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Validating environmental DNA as a powerful and cost-effective monitoring tool for declining, elusive and invasive mammals

  • Full or part time
  • Application Deadline
    Friday, November 08, 2019
  • Funded PhD Project (Students Worldwide)
    Funded PhD Project (Students Worldwide)

Project Description

Academic Supervisor: Dr Allan McDevitt (University of Salford)

Academic Co-Supervisors: Dr Erinma Ochu (University of Salford), Prof. Xavier Lambin (University of Aberdeen), Dr Chris Sutherland (University of Massachusetts-Amherst) and Dr Naiara Guimarães Sales (University of Lisbon)

Industrial Supervisor: Robert Raynor (Scottish Natural Heritage)
The studentship is fully funded and includes:

• A fee waiver
• A stipend of £14,777 p.a. for three and a half years
• All bench fees and consumable costs
• Funds specifically allocated for conference travel

Final date for applications: 08/11/2019

Interviews will be held on: 20/11/2019

The candidate must be in a position to register by 27/01/2020

Description: To better understand and mitigate impacts on biodiversity, accurately measuring biodiversity is essential. However, due to the costs and effort required, current monitoring programmes are often species-specific. Yet, very few species are likely to be detected at all times when they are present and this imperfect detection (which increases for elusive and rare species) can lead to biased estimates of occurrence and hinder species conservation. Environmental DNA (eDNA) allows the identification of taxa/species from the DNA extracted from an environmental sample (e.g. water, soil) and has revolutionised biomonitoring programmes in both marine and freshwater ecosystems. Successful applications have been demonstrated in tracking biological invasions, detecting rare and endangered species, to describing entire communities. Mammals are thus far relatively neglected in eDNA studies.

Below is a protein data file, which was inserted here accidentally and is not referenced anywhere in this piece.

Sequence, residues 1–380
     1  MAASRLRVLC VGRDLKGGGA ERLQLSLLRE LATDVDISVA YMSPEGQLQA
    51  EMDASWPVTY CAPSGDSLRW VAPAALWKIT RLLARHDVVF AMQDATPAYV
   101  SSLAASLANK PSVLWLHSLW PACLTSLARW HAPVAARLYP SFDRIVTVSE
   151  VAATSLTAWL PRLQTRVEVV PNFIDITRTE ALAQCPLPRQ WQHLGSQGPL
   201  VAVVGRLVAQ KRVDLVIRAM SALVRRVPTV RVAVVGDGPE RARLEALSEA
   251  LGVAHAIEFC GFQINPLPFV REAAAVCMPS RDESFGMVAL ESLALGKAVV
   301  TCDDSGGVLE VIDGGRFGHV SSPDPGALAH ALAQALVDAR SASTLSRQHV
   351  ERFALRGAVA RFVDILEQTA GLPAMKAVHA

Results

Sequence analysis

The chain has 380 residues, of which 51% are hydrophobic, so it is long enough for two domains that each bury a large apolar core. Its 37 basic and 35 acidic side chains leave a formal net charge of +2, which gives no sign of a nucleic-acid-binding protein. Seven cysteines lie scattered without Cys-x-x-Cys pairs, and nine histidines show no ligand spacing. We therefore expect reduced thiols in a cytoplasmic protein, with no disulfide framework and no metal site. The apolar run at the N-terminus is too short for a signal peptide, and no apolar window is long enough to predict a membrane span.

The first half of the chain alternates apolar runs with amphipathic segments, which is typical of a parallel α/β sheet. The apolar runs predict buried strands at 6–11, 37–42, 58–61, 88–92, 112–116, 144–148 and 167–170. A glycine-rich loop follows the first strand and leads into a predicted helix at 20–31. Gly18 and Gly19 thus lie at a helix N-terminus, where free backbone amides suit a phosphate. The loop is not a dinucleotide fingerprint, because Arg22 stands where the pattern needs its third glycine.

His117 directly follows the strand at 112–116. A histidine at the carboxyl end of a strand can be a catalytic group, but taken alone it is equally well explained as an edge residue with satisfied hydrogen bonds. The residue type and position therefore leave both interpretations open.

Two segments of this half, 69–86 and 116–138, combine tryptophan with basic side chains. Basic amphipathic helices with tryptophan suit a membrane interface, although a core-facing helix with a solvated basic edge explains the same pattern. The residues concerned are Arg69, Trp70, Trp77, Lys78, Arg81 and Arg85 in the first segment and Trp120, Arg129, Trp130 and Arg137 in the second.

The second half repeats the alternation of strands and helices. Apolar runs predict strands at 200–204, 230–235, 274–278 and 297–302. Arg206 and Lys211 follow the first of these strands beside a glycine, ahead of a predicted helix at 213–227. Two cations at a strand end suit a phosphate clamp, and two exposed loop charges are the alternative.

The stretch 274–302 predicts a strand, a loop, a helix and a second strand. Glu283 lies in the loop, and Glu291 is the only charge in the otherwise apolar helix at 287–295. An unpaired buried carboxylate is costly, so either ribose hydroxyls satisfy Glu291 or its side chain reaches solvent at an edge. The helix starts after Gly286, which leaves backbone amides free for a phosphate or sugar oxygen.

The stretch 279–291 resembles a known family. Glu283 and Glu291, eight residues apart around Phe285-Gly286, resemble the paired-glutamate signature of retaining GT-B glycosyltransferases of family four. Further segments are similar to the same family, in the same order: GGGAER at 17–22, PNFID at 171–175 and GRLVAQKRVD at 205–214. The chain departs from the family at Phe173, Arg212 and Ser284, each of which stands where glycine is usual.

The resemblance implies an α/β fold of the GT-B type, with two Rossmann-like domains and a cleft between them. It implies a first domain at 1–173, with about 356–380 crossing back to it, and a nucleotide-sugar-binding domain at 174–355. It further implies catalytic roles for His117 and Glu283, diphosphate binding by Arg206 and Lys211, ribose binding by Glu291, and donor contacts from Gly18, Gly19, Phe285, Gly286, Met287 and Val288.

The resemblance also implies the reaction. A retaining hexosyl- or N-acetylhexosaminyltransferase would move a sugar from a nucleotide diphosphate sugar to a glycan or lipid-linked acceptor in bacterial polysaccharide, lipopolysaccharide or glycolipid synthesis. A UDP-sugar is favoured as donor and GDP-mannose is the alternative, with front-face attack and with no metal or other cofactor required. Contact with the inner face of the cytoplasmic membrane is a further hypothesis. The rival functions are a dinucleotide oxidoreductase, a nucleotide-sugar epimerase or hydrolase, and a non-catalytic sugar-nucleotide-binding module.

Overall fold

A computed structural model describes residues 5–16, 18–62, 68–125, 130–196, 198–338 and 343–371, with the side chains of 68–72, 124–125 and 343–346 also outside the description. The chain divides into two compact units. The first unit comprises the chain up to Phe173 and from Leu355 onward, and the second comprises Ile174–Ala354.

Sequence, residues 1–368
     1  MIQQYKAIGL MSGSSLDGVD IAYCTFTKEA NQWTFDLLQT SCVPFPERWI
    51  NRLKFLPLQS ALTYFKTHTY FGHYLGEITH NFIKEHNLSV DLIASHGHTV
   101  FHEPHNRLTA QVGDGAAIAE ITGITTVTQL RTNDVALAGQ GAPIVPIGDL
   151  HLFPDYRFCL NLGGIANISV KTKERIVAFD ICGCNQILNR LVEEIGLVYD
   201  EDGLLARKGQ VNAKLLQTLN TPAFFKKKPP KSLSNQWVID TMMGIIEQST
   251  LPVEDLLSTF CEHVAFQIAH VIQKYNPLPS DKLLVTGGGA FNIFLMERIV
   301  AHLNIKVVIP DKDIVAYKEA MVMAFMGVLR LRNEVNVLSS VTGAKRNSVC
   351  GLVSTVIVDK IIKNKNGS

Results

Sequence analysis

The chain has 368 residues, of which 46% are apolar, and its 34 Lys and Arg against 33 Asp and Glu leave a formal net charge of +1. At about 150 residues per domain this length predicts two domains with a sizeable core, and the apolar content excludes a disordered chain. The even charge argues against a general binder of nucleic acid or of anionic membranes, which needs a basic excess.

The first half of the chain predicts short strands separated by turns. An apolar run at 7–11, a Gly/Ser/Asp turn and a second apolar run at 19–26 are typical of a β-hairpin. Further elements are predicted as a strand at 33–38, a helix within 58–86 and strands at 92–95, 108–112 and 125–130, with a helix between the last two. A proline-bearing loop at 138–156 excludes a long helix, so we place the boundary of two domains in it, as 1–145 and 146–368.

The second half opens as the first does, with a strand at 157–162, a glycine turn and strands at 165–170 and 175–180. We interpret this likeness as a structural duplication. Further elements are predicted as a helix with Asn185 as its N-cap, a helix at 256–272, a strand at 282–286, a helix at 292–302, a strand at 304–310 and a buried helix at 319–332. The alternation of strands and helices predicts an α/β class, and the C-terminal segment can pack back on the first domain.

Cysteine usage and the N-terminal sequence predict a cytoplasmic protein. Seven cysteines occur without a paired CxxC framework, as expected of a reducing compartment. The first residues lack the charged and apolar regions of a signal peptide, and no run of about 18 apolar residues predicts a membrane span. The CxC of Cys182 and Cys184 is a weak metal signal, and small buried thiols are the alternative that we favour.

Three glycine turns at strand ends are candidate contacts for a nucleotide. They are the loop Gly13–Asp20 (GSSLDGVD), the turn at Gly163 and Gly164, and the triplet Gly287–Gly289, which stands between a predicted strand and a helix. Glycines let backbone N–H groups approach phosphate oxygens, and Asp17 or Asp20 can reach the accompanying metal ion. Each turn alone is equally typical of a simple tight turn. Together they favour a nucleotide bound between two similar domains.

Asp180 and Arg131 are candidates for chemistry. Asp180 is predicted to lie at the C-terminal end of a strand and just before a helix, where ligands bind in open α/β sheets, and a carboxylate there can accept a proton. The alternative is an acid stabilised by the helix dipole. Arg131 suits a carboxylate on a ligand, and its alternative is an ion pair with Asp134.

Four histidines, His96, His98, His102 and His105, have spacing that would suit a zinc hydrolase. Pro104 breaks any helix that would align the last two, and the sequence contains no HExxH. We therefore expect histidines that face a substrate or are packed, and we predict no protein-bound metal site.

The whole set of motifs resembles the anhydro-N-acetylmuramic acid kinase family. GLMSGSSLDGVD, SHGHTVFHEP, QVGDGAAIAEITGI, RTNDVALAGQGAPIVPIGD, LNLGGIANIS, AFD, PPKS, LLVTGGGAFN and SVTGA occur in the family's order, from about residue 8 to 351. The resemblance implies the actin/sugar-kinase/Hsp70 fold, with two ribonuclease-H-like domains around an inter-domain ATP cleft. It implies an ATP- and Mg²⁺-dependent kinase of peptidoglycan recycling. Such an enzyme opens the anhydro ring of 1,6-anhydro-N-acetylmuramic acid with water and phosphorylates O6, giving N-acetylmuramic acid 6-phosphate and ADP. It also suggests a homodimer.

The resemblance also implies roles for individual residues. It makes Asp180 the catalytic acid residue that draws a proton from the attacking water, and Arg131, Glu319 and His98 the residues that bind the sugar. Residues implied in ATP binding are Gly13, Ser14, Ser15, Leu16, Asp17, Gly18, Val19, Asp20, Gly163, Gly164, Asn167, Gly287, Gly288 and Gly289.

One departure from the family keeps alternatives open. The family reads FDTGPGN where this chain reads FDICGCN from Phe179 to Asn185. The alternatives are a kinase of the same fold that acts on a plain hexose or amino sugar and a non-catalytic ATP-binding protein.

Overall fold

This PhD project proposes to investigate if eDNA can provide a real-world application for detecting and monitoring mammalian species of concern (in terms of both conservation and invasive) that could be applied widely and in a cost-effective manner in comparison to more conventional survey methods. Students will develop field and laboratory skills in eDNA metabarcoding and ddPCR, along with bioinformatics and analytical skills such as occupancy modelling. The project will also involve a significant citizen science component around sample collection and design.

Candidates should have a BSc or higher in the fields of Biology, Ecology, Genetics or Environmental Sciences. They must be willing to learn and invest in:

1. Conceptual and practical issues in conservation and species management
2. Laboratory molecular work to the highest standard of rigor
3. Field work in scenic but at times remote sites
4. Analytical, statistical methods that will give meaning to the data
5. Work and communicate with non-scientific audiences

For full details of student requirements and specification please visit:


Informal enquiries may be made to Dr McDevitt by email:

Curriculum vitae and supporting statement explaining their interest should be sent to

Funding Notes

Students must be able to demonstrate a relevant UK connection whether this be a UK/EU National or an ordinary resident for a period of 3 years immediately prior to the date of application for an award.

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